Pow, Apache, Rails, WordPress, and Yosemite

I work on both PHP (WordPress) and Rails sites. It’s important that it is easy to switch contexts and manage all of the different environments. I’m constantly tweaking my dotfiles to make things easier.

I recently updated to Yosemite and ran into some issues getting Apache and Pow to play nicely along with each other. Here were my goals:

Run rails apps through Pow. I want to be able to visit http://myapp.dev/ and spin up my rails app Visit WordPress sites on *.dev domains. I want http://wordpresssite.dev/ to render out my WordPress sites PHP sites need to run on Apache for development/production parity I don’t want to manually edit Apache configuration files each time I add a new site

Here’s the solution that worked for me:

Install Pow. (I use powder) Set POW_DST_PORT in ~/.powconfig Manage pow rails app linking via `powder link` (for convenience) Put all WordPress sites in ~/Sites/thedomain.com Customize your Apache configuration: Remove the default php Apache configuration in /etc/apache2/other Add explicit “Require all granted” to avoid forbidden access errors with Apache 2.4 Redirect all requests to http://thesite.wp.dev/ to ~/Sites/thesite.com Reverse proxy all of the remaining *.dev request to Pow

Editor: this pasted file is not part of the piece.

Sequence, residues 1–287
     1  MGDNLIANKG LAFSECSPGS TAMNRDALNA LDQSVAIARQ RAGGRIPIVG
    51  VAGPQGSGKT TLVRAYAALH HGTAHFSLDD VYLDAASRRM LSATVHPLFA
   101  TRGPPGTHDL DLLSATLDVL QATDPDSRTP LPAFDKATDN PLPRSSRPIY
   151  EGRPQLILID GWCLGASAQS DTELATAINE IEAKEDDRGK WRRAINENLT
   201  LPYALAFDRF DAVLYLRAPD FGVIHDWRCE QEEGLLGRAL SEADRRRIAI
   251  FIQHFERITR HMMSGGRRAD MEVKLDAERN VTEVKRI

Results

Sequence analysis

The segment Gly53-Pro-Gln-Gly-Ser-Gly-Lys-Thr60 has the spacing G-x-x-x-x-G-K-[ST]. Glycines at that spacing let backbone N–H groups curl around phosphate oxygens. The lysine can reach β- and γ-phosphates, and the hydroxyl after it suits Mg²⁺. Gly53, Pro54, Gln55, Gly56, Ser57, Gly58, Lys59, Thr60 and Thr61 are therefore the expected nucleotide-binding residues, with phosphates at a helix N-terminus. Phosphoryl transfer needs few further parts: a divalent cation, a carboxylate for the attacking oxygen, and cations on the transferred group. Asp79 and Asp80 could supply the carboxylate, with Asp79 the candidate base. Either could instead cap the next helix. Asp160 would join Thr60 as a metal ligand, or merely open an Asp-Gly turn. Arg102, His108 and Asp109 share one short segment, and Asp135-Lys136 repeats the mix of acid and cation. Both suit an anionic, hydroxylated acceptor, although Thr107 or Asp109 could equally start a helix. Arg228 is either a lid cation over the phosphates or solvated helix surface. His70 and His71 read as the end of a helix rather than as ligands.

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PHP, MS SQL, and Linux

Note: this was a draft from 2009. I never finished documenting everything, and I (thankfully!) no longer have to integrate with the MS SQL database mentioned here. However, I figured I throw this information out there in case someone was running into the same configuration issues I was.

Usually I am lucky enough that most of my clients don’t have many of their internal operations tied into their web site’s databases; if they are using MS SQL or some other database engine that isn’t open source I’m able to easily convince them to transfer their data over to MySQL. Recently I was working with a client where this wasn’t the case, there was no way around it: I would have to integrate with a MS SQL database.

Information on connecting to MS SQL from PHP exists on the web, but most of it is either unclear, incomplete, or outdated. I hope to bundle together most of the information I found into one blog post to make it a bit simpler to compile a custom PHP installation with MS SQL capabilities using the freetds library.

In the PHP installation script I changed/added the freetds installation line to this:


cd ${SRCDIR}/${FREETDS} ./configure –prefix=${INSTALLDIR} –with-tdsver=8.0 –enable–msdblib –enable-sybase-compat make make install [/code]


Free TDS User Guide Making PHP With An MS SQL Database ODBC and FreeTDS Unix ODBC

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